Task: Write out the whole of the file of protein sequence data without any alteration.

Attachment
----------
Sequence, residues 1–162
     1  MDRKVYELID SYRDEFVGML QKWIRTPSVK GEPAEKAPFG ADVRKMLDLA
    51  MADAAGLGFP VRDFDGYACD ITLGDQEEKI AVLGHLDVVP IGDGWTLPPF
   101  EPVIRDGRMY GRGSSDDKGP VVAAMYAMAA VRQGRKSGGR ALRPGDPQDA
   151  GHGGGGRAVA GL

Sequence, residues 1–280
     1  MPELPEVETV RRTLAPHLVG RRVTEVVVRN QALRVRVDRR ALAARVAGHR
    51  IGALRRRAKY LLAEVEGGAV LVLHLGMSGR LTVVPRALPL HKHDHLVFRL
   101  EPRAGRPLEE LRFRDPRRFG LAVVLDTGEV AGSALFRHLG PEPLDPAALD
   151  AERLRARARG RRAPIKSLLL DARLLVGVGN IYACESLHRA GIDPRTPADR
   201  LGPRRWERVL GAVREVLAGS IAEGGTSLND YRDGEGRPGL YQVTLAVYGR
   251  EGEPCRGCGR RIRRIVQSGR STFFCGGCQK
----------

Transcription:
Sequence, residues 1–162
     1  MDRKVYELID SYRDEFVGML QKWIRTPSVK GEPAEKAPFG ADVRKMLDLA
    51  MADAAGLGFP VRDFDGYACD ITLGDQEEKI AVLGHLDVVP IGDGWTLPPF
   101  EPVIRDGRMY GRGSSDDKGP VVAAMYAMAA VRQGRKSGGR ALRPGDPQDA
   151  GHGGGGRAVA GL

Sequence, residues 1–280
     1  MPELPEVETV RRTLAPHLVG RRVTEVVVRN QALRVRVDRR ALAARVAGHR
    51  IGALRRRAKY LLAEVEGGAV LVLHLGMSGR LTVVPRALPL HKHDHLVFRL
   101  EPRAGRPLEE LRFRDPRRFG LAVVLDTGEV AGSALFRHLG PEPLDPAALD
   151  AERLRARARG RRAPIKSLLL DARLLVGVGN IYACESLHRA GIDPRTPADR
   201  LGPRRWERVL GAVREVLAGS IAEGGTSLND YRDGEGRPGL YQVTLAVYGR
   251  EGEPCRGCGR RIRRIVQSGR STFFCGGCQK